The law here is exactly as I stated ..perhaps you should not make statements as one size fits all as each state is quite different.. holographic wills clearly are not acceptable in many states unless military or foreign and some will not even except those .

Some states require holographic wills to be dated AND SIGNED .

As far as staples that excerpt is right from probate court instructions here ....any staple removal may have that will rejected .... it would have to have all the steps they list fulfilled in order to resubmit it.

You don’t need an attorney to confirm this , it is clearly stated

https://www..com/legal-encyclopedia/...hic-wills.html
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Old Yesterday, 04:52 PM
 
Location: Rust'n in Tustin
2,349 posts, read 2,466,964 times
Reputation: 4388
Quote:
Originally Posted by mathjak107 View Post
We canít even do that in nyc ...you need to have a rifle/ shotgun permit to take possession here ...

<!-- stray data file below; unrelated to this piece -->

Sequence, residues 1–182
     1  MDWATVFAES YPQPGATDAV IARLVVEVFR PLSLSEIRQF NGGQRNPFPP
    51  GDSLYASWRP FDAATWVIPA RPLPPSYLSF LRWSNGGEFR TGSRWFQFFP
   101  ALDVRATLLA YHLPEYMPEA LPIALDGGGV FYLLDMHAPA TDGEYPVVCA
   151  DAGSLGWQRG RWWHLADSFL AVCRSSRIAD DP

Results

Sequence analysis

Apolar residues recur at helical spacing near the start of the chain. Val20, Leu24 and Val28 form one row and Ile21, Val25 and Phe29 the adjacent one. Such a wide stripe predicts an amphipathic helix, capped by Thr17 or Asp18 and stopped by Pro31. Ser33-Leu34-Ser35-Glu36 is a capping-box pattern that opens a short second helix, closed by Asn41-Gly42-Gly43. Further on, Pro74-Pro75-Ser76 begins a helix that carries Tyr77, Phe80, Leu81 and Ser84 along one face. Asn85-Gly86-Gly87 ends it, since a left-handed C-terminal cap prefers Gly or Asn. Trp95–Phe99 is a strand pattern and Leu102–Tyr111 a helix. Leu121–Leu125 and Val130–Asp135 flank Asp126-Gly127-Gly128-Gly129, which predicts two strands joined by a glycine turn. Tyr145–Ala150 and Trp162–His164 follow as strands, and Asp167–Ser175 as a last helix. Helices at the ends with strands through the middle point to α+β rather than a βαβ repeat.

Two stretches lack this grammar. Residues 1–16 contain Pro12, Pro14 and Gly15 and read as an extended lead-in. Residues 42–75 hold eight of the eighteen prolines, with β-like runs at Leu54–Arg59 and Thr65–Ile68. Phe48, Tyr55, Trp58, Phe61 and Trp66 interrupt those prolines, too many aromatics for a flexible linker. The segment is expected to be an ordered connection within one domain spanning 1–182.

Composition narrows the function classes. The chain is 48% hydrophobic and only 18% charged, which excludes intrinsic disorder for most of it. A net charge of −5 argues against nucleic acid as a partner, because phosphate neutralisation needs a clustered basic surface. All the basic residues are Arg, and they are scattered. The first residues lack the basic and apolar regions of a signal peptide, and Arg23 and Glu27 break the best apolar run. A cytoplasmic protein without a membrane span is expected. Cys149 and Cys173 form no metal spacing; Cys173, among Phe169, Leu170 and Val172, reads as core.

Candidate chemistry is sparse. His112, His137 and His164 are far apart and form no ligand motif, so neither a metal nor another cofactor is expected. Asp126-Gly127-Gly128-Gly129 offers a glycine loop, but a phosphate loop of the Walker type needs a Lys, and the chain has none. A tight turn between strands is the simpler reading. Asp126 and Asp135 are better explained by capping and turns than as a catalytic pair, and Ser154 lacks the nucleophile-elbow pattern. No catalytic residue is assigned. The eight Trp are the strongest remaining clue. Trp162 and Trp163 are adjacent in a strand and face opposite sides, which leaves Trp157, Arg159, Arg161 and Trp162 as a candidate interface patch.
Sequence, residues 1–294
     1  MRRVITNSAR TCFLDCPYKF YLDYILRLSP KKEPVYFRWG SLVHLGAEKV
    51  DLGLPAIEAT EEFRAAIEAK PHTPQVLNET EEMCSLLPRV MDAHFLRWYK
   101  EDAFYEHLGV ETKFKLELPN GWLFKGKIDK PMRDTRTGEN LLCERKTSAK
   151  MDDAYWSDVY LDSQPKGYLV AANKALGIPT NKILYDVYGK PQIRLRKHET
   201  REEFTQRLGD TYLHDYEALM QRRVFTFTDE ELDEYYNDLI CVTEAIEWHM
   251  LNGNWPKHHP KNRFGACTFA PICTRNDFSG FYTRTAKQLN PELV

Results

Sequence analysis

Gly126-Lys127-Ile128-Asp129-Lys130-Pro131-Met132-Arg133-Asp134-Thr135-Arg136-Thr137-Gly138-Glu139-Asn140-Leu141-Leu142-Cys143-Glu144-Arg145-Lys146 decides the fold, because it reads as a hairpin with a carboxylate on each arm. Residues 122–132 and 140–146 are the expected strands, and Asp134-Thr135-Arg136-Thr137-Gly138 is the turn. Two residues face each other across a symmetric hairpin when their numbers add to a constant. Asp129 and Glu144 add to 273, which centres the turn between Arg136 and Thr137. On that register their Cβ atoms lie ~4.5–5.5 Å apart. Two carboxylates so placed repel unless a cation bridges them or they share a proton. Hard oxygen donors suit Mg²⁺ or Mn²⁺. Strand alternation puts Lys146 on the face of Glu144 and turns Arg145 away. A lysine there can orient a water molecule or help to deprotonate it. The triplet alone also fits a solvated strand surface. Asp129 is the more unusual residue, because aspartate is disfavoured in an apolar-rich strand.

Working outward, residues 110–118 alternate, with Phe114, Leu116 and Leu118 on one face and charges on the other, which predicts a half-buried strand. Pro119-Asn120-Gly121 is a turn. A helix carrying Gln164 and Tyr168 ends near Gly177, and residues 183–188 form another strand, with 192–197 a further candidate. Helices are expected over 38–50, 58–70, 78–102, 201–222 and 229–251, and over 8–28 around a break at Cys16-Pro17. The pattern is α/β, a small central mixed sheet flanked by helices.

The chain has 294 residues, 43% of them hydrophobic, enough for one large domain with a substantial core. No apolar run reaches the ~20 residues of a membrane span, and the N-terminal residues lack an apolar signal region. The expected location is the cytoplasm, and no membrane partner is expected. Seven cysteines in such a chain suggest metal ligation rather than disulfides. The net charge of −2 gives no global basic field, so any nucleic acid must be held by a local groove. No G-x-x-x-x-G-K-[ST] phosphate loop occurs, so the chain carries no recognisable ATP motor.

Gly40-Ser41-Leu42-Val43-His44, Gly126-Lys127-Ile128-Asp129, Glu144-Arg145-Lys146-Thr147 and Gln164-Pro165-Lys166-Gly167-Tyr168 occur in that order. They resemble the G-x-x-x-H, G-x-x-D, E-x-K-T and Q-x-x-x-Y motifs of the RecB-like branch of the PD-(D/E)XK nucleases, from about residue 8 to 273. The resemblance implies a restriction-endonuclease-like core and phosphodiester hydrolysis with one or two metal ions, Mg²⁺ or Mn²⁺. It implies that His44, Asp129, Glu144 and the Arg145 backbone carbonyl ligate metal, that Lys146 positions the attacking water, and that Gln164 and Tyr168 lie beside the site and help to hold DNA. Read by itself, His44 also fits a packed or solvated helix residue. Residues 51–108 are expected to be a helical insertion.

Umm, I don't live there.
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Old Yesterday, 04:55 PM
 
Location: Sierra Nevada Land, CA
8,457 posts, read 9,219,967 times
Reputation: 13260
Quote:
Originally Posted by mathjak107 View Post
The law here is exactly as I stated ..perhaps you should not make statements as one size fits all as each state is quite different.. holographic wills clearly are not acceptable in many states unless military or foreign and some will not even except those .

Some states require holographic wills to be dated AND SIGNED .

As far as staples that excerpt is right from probate court instructions here ....any staple removal may have that will rejected .... it would have to have all the steps they list fulfilled in order to resubmit it.